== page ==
It seems obvious that Graves did not quit seeing as a metaphysician when he began painting his winter and summer bouquets, just as Mondrian did not abandon his formal experiments when he painted his impossibly blue chrysanthemums. Their preoccupations, one could argue, were not with beauty so much as how to use visual form to express intangible and interior realities that were, of course, in dynamic relationship with the tensions created by a rapidly industrialized, and diminished, natural world. Flowers seem intrinsically to lend themselves to this effort as their forms and colors are timeless, cosmopolitan, and decidedly not human — neutral, in fact — and yet at the same time they mirror to us, albeit in a dramatically accelerated fashion, human processes, whether interior or exterior. They enter the world fragile. They bloom, decay, and die. They are ephemeral and yet joyously alive. They come to us concretely, already dressed in figurative language. As Yau writes, “Flowers are always both themselves and symbols to be read.”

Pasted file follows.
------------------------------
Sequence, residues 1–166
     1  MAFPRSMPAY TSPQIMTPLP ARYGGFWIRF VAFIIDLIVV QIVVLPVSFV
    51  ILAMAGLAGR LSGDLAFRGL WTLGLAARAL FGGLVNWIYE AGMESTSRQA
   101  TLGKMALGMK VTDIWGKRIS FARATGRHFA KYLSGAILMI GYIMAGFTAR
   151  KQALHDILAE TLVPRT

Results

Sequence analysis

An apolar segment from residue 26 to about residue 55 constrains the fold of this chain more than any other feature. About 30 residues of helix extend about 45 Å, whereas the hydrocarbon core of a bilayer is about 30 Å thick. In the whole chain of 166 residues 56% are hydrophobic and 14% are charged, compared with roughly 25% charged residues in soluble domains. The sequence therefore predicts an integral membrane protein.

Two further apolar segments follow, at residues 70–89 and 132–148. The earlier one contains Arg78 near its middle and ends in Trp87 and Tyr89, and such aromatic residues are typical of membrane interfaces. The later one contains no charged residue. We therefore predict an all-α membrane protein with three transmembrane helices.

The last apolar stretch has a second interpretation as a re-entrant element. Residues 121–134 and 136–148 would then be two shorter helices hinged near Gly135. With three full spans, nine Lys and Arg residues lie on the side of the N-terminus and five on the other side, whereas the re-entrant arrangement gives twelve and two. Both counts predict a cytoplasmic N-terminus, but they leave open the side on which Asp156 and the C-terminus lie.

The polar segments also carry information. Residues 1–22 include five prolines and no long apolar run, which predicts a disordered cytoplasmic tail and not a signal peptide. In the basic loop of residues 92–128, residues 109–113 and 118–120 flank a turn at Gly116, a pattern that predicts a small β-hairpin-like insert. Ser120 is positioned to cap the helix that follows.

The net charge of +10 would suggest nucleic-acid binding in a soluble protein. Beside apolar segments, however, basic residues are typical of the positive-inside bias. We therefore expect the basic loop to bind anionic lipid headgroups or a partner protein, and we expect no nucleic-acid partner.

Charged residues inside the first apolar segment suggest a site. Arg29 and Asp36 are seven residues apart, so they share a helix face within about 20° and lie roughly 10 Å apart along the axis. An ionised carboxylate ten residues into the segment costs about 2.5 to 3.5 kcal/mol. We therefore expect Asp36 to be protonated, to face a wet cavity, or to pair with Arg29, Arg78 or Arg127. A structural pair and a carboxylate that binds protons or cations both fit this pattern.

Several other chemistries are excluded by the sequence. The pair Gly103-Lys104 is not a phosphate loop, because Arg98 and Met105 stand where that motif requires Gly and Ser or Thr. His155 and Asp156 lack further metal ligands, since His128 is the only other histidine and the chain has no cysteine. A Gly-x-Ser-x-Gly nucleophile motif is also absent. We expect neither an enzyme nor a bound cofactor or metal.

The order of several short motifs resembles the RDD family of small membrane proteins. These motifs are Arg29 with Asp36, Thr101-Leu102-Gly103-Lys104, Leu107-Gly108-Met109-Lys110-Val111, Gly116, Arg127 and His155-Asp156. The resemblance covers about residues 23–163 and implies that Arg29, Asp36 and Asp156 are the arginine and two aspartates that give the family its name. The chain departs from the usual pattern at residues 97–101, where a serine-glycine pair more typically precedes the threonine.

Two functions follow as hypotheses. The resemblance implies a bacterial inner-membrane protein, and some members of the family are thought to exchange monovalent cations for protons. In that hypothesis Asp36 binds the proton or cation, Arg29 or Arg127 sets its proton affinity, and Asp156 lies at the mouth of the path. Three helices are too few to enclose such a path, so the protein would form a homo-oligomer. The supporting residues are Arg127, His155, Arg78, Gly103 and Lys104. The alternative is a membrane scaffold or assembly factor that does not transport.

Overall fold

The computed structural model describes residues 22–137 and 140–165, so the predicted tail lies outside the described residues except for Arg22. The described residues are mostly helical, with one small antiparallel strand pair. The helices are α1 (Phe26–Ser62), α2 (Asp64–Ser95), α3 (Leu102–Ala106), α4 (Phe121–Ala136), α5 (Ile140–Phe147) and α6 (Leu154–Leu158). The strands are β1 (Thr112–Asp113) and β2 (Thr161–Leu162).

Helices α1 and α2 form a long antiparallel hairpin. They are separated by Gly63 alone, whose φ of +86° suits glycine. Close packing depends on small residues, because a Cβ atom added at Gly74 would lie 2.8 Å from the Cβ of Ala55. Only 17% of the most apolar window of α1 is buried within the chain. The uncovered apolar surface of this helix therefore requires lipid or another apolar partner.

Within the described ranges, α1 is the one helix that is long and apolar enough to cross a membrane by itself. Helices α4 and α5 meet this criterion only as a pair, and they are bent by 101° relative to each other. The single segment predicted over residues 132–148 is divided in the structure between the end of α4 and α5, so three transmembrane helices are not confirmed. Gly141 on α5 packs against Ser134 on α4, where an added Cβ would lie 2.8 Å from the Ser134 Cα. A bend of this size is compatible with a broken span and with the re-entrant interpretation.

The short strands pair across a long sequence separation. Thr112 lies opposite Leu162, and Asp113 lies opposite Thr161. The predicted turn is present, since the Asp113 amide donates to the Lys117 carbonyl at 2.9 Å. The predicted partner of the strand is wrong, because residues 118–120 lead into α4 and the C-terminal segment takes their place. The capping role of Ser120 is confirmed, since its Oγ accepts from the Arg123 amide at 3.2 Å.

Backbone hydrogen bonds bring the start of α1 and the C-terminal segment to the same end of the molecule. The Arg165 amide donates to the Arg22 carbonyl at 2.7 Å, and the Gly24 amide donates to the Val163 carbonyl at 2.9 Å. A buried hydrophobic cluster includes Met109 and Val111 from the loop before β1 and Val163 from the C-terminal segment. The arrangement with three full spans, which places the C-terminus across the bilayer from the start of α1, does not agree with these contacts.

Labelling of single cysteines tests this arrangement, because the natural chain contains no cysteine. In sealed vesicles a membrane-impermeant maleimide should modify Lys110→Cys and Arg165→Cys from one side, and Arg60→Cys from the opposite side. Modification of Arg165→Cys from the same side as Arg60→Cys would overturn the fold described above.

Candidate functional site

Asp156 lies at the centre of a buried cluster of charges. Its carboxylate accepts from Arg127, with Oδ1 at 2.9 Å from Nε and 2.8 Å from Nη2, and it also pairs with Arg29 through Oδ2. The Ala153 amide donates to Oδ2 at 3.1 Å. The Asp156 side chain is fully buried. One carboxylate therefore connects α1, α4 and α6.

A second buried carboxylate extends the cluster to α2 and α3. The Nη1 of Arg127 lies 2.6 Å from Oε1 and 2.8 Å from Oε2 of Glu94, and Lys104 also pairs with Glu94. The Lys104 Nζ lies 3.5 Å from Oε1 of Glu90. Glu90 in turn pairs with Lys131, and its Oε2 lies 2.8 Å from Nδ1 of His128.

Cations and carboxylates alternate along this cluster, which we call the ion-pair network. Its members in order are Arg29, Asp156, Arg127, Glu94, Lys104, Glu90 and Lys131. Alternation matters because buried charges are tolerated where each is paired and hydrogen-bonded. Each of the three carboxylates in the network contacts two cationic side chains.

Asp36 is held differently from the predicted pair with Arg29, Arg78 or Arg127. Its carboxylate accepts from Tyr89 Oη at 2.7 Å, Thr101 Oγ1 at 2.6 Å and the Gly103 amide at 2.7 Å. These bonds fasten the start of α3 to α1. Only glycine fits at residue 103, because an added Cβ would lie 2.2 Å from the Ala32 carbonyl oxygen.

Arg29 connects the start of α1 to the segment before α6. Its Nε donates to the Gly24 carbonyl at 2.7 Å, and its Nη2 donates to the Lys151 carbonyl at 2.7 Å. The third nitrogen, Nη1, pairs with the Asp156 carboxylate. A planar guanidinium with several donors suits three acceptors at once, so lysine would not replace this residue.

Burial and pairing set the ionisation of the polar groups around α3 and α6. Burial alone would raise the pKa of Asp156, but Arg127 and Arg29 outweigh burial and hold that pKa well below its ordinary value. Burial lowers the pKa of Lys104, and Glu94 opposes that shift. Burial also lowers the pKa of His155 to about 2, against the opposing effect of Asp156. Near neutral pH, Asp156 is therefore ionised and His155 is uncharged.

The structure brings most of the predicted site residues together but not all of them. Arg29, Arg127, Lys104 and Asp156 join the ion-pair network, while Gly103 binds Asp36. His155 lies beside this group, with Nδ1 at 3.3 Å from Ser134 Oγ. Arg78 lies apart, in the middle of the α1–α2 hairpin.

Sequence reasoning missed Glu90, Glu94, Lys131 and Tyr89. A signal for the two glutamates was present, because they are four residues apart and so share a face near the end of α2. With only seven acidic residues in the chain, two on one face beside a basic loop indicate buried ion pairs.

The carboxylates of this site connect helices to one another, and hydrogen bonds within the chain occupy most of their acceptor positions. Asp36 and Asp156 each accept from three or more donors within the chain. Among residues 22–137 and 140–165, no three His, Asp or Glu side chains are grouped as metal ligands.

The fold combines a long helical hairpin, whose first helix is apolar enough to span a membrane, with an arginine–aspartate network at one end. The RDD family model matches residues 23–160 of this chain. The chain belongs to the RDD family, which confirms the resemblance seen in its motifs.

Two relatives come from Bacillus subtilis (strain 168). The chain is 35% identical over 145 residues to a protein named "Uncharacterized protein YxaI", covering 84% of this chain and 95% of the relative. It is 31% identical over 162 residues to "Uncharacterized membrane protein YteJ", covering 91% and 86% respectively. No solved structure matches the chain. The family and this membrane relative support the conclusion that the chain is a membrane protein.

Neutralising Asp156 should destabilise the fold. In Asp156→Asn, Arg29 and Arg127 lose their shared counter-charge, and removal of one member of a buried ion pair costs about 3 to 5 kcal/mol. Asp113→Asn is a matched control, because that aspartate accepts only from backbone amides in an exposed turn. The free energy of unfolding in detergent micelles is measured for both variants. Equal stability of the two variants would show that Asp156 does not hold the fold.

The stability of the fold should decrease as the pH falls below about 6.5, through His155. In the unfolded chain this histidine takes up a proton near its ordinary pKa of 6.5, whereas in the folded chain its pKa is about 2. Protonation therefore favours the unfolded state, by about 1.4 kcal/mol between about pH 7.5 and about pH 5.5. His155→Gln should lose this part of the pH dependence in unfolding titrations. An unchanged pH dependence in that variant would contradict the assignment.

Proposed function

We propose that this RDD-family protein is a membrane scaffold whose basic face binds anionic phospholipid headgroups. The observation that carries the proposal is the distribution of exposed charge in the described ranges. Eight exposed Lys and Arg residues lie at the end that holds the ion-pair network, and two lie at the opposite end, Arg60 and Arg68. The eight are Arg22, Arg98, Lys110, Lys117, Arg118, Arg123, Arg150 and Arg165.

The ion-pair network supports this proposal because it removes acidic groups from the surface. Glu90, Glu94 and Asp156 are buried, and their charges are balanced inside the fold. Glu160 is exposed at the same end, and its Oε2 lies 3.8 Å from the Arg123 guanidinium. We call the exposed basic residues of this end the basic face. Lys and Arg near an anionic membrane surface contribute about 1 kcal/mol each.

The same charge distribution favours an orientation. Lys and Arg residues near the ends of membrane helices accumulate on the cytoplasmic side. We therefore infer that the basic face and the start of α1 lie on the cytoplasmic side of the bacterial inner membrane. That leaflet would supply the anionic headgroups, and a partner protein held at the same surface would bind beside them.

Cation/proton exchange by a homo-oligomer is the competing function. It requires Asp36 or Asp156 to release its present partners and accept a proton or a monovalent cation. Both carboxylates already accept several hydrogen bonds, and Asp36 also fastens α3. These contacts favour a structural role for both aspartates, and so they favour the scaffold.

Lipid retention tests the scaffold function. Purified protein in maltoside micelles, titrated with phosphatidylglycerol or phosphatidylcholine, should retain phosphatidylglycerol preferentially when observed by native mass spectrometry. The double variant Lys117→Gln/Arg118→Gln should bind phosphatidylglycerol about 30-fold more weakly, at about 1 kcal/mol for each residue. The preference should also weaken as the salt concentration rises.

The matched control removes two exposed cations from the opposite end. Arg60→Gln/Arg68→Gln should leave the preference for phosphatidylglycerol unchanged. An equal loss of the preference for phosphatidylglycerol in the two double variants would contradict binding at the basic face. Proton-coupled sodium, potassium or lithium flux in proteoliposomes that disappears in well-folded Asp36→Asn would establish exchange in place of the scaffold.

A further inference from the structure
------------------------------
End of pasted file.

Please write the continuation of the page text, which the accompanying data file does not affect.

The edge between abstraction and exactitude (representation) is a flickering edge where the symbol makes its home. “When I say: ‘a flower!’” Stéphane Mallarmé writes, “then from that forgetfulness to which my voice consigns all floral form, something different from the usual calyces arises, something all music, essence, and softness: the flower which is absent from all bouquets.” It is almost impossible to really see a flower, Mallarmé thought, clouded as it is by cliché, the “usual calyces.” Writing in his 1803 essay, “Crisis in Poetry,” he was speaking for a new and modern kind of symbol, one that did not attach the object as a referent to an already established religious or cultural system — the rose as symbol of the Passion of Christ, for instance. To release flower from its representations might have been the same challenge to him as to these painters: “Why should we perform the miracle by which a natural object is almost made to disappear beneath the magic waving wand of the written word, if not to divorce that object from the direct and the palpable, and so conjure up its essence in all purity?” The symbol, as we know, presumes an other that is deeply connected to it, a presence or essence underneath, or beneath what we know of it. For Mallarmé, the task was not to name it but to allow or conjure that essence.